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1 December 2011 Simulating Dissolved Organic Carbon Dynamics at the Swedish Integrated Monitoring Sites with the Integrated Catchments Model for Carbon, INCA-C
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Abstract

Surface water concentrations of dissolved organic carbon ([DOC]) are changing throughout the northern hemisphere due to changes in climate, land use and acid deposition. However, the relative importance of these drivers is unclear. Here, we use the Integrated Catchments model for Carbon (INCA-C) to simulate long-term (1996–2008) streamwater [DOC] at the four Swedish integrated monitoring (IM) sites. These are unmanaged headwater catchments with old-growth forests and no major changes in land use. Daily, seasonal and long-term variations in streamwater [DOC] driven by runoff, seasonal temperature and atmospheric sulfate (SO42-) deposition were observed at all sites. Using INCA-C, it was possible to reproduce observed patterns of variability in streamwater [DOC] at the four IM sites. Runoff was found to be the main short-term control on [DOC]. Seasonal patterns in [DOC] were controlled primarily by soil temperature. Measured SO42- deposition explained some of the long-term [DOC] variability at all sites.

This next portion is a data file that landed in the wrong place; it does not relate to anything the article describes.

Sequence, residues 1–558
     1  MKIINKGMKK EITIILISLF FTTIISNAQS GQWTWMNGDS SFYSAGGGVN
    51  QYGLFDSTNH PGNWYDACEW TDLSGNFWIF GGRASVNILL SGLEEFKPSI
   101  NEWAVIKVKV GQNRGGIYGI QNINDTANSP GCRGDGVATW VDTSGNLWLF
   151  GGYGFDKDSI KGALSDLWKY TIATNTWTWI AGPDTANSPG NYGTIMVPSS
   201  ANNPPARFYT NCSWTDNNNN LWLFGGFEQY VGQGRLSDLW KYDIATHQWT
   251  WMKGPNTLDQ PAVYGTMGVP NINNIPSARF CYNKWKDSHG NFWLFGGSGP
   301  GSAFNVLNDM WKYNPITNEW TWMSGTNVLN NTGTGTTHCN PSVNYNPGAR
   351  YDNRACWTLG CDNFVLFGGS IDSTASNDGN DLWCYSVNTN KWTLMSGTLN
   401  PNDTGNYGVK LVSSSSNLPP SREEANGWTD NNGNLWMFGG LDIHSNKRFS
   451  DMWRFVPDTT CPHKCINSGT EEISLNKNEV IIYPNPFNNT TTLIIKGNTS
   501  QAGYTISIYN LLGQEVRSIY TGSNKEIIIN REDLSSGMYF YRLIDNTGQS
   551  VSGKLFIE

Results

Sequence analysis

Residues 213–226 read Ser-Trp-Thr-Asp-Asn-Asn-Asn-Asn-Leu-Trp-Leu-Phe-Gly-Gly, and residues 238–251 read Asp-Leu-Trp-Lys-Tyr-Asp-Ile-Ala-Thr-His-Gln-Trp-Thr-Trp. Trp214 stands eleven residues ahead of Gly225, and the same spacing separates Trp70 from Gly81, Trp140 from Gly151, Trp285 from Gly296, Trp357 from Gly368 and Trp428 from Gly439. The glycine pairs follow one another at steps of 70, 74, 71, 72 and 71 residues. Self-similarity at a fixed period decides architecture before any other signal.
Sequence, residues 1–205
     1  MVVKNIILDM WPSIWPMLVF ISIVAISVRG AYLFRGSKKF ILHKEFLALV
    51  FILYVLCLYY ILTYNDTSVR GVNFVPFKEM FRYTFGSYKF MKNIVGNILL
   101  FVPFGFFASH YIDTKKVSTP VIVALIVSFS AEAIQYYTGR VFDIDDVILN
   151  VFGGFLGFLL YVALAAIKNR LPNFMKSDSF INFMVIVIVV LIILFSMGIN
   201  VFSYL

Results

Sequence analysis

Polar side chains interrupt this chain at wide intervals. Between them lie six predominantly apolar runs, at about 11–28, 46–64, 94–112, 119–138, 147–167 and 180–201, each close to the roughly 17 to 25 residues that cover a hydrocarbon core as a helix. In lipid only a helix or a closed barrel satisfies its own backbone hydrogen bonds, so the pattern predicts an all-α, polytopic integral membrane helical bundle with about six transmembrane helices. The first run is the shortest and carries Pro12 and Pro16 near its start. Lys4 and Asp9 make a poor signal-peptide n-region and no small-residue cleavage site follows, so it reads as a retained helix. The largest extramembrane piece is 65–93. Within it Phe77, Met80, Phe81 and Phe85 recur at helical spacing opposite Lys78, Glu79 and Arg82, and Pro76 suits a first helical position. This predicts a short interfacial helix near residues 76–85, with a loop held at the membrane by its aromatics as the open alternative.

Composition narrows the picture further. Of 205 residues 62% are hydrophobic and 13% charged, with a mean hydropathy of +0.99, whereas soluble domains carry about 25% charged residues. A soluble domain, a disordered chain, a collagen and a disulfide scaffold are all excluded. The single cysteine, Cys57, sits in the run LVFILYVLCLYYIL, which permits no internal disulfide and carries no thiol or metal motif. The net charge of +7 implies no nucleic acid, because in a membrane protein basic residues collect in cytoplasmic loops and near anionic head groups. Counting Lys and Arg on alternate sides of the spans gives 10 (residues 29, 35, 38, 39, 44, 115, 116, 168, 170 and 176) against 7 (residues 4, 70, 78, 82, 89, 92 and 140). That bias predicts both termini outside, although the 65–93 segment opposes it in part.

© Royal Swedish Academy of Sciences 2011
M. N. Futter, S. Löfgren, S. J. Köhler, L. Lundin, F. Moldan, and L. Bringmark "Simulating Dissolved Organic Carbon Dynamics at the Swedish Integrated Monitoring Sites with the Integrated Catchments Model for Carbon, INCA-C," AMBIO: A Journal of the Human Environment 40(8), 906-919, (1 December 2011). https://doi.org/10.1007/s13280-011-0203-z
Published: 1 December 2011
JOURNAL ARTICLE
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